The Patricia R. Guerrieri Pavilion within the Dorothy Mangurian Comprehensive Women's Center HealthPlex outpatient center is located approximately two miles from the main hospital. The 20,000 square-foot expansion of the existing women's center pairs traditional women's care with Alternative and Complementary medical care such as acupuncture and community spaces, including an onsite café, art gallery and spa.


Before the design of a new nine-story patient tower at Sarasota Memorial Hospital, women’s services departments were located all over the place. With the new floor structure, women’s services are all on the same floor. The OB area, mother/baby antepartum, and testing/triage are co-located. The NICU is located directly above labor and delivery and connected with a dedicated elevator within the unit.


GS&P provided planning and design services for additions and renovations of existing patient and support spaces leading to an integrated women’s center at Morton Plant Hospital. The Doyle Women’s Initiative project encompasses 115,000 square feet and includes assessment, ante-partum, labor and delivery, post-partum, and a neonatal intensives care unit (NICU) as well as a new entry for the facility.  Further enhancing the patient experience, the design brings natural light into the new NICU through the use of clerestory windows above the nurse and physician work areas.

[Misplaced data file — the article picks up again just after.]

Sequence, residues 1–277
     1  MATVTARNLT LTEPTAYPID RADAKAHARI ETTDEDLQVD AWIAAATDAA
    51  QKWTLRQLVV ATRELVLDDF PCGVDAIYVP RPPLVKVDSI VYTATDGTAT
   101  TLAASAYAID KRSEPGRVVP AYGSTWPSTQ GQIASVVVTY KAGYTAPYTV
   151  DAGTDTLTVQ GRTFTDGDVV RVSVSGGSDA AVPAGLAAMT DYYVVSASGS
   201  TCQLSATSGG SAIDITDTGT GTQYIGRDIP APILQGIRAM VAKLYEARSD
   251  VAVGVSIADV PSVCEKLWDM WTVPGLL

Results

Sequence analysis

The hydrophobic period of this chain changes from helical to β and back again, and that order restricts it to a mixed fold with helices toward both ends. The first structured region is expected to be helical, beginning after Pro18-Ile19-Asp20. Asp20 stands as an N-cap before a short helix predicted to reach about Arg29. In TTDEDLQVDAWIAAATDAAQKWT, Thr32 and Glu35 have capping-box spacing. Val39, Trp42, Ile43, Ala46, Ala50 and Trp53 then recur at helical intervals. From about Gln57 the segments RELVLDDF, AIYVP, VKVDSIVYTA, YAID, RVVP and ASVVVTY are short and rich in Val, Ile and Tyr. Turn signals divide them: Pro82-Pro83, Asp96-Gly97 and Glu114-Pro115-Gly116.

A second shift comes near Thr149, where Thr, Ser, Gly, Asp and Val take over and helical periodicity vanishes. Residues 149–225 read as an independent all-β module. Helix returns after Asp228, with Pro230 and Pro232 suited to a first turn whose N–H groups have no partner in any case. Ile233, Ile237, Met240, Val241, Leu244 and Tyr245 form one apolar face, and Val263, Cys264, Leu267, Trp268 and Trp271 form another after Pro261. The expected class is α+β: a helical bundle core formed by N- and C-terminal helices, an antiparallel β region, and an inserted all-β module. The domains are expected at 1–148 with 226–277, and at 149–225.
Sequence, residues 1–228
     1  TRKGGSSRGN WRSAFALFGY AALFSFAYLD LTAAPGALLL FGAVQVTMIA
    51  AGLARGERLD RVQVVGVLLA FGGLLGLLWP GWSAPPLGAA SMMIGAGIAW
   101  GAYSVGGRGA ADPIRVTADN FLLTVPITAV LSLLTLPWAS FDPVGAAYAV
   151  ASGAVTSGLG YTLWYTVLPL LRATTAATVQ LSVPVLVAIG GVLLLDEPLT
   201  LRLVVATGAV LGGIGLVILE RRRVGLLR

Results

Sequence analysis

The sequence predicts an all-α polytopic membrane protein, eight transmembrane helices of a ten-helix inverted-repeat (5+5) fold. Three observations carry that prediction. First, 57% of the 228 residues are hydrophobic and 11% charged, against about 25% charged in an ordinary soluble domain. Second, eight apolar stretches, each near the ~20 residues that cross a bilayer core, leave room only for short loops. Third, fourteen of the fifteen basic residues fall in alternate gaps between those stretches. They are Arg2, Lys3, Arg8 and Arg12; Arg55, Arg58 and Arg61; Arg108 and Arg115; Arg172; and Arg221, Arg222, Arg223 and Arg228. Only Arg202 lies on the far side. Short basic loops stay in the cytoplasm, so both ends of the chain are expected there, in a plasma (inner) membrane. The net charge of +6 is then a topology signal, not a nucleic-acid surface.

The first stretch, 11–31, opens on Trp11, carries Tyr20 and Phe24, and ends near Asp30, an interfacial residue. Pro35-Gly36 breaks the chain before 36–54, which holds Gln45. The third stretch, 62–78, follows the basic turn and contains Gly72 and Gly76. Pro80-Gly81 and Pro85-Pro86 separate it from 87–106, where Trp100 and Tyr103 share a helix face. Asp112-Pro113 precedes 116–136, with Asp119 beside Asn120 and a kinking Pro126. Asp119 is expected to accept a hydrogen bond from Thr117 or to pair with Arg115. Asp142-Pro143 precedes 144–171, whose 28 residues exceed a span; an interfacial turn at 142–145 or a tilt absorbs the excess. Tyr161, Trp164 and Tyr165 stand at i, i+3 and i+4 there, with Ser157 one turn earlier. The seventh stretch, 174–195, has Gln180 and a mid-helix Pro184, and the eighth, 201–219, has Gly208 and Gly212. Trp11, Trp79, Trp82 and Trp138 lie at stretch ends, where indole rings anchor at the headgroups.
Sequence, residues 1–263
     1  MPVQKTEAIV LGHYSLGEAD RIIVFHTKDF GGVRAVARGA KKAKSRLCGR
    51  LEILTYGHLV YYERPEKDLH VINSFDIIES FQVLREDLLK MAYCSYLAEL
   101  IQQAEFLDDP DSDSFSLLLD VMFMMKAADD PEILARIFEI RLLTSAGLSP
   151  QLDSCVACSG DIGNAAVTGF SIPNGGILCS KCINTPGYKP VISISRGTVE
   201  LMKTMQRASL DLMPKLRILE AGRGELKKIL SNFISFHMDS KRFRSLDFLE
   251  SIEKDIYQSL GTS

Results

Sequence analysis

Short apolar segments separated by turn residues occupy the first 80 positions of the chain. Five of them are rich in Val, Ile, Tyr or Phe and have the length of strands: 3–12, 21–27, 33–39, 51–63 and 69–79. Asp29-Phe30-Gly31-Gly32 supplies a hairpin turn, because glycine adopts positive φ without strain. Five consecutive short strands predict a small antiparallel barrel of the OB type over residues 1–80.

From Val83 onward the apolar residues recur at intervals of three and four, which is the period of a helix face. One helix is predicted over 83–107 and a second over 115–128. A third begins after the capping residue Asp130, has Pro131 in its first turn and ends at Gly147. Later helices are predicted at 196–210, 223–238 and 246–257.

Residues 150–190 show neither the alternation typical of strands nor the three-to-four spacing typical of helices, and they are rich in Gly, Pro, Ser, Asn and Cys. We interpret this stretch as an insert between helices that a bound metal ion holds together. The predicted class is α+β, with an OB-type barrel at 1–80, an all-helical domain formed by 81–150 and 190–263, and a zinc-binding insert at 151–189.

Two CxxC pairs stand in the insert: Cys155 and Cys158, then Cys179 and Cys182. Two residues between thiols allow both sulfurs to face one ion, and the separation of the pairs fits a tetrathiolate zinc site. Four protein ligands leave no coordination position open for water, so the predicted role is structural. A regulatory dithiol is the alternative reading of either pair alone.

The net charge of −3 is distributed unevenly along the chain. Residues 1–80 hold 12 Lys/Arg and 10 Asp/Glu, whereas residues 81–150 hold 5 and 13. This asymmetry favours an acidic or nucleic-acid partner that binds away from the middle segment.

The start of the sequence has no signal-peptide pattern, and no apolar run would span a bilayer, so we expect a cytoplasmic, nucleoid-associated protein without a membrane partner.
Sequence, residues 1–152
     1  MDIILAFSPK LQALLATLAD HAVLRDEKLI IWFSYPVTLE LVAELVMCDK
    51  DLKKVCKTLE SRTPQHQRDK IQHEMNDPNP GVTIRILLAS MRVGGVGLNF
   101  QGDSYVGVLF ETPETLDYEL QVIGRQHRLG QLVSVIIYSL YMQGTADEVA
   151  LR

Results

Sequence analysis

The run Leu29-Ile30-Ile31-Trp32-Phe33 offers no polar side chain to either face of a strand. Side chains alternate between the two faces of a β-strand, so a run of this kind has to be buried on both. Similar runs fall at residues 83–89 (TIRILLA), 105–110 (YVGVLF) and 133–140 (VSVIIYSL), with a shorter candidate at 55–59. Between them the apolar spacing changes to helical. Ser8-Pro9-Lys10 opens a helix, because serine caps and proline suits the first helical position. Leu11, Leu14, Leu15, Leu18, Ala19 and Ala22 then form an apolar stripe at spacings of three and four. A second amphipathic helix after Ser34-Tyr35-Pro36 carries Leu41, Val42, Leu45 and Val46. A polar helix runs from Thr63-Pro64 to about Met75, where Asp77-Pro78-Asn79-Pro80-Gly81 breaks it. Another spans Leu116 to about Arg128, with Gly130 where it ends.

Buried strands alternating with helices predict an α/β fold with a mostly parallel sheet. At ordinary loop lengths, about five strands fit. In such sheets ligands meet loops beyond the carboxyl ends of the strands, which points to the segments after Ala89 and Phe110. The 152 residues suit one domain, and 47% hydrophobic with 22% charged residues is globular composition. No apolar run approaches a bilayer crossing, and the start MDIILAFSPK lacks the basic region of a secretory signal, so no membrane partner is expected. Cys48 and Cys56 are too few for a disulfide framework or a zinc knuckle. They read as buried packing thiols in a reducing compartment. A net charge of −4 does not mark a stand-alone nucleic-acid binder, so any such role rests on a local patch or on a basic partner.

The Sky Ridge Medical Center Women’s Center, currently under construction in Lone Tree, Colorado, is designed to encompass the entire family during the delivery and post-partum care of a new child. As such, amenities such as healing gardens, balconies, coffee bar, fire places and children’s play areas are provided to enhance the experience.


The LDRs designed by GS&P as part of a women’s services renovation at Miami Valley Hospital South are spacious enough to allow for family accommodations and various birthing techniques, including water birth. When not in use, the devices and equipment can be concealed behind the casework to help create a non-institutional atmosphere. 


As the healthcare market shifts from a volume-based to a value-based care delivery model, hospitals and healthcare systems of all sizes will be increasingly tasked with demonstrating quality and managing costs in their inpatient and outpatient settings. Strategically planning and designing women’s centers of excellence is one way to improve the patient experience across the continuum of care, helping women of all ages to survive and thrive – and helping your facility to compete in an increasingly competitive marketplace.

How are you designing your facilities to better accommodate and meet the healthcare needs of women in your community?

About the Author

Sheila J. Bosch, PhD, EDAC, LEED AP, serves GS&P as a director of research. In this role she is a firmwide resource supporting the firm's ability to more extensively understand and apply research evidence regarding how the physical healthcare facility environment can improve patient and staff outcomes, such as reducing falls and improving patient satisfaction, and to contribute to this important and growing body of knowledge.


Read more posts from the GS&P Dialogue blog.